- During the Regency era in England, communities were founded on the idea that marriage determines social standards. Most of the marriages during this period were that of monetary pursuit for improved social status of the wife’s family. In Hertfordshire, families such as the Bennetts and the Lucases demonstrate desire to move up in social class, the mothers help achieve this feat by marrying off their daughters to older, richer men. These marriages mostly display little to no affection or love, and the husband and wife tend to act shrill and cold.... [tags: Marriage, Love, Elizabeth Bennet]
1127 words (3.2 pages)
- It was starting. I could tell because everyone started cheering and shouting. I could sort of see the far away arms of the noble who was presenting the execution on the platform tossed in the air, milking the crowd for more applause. Almost everyone was cheering at the top of their lungs. Everyone except for me. I was repulsed by that filthy nobleman; by the whole execution. I couldn't see the man about to be executed, but in a way, i was glad not to. I had no intention of looking into the face of a man in pure terror.... [tags: Execution, death,]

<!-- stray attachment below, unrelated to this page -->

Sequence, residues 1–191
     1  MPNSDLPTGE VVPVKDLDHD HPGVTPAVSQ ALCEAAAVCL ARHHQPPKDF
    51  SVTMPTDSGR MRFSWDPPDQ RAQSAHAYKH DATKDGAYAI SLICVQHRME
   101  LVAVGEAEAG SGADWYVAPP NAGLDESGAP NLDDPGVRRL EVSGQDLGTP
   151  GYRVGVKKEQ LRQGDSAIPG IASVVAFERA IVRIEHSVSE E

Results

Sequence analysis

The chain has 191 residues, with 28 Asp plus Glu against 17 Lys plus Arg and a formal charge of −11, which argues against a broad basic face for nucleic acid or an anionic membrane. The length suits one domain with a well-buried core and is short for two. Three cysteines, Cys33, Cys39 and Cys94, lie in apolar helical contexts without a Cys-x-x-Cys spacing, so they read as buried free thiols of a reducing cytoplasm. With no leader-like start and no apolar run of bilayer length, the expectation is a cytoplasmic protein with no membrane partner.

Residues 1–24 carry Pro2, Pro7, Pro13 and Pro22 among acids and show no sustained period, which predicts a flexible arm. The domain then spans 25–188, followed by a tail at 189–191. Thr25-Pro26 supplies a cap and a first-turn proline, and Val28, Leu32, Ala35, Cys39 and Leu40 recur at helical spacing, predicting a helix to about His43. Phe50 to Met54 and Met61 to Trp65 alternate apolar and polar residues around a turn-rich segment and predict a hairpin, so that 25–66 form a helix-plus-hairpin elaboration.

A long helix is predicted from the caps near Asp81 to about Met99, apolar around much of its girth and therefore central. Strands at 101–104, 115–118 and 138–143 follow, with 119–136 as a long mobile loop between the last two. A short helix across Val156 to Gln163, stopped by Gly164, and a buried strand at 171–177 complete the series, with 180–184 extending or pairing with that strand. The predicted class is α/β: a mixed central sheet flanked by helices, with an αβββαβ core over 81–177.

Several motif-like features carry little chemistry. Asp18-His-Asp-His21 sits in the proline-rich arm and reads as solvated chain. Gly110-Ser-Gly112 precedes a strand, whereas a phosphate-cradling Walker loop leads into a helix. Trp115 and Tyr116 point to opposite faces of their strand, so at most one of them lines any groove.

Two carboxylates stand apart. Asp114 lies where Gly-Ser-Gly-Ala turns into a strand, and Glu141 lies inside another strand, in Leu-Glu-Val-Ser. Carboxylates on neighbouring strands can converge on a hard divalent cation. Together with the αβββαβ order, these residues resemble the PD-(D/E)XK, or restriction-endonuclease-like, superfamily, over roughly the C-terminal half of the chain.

504 words (1.4 pages)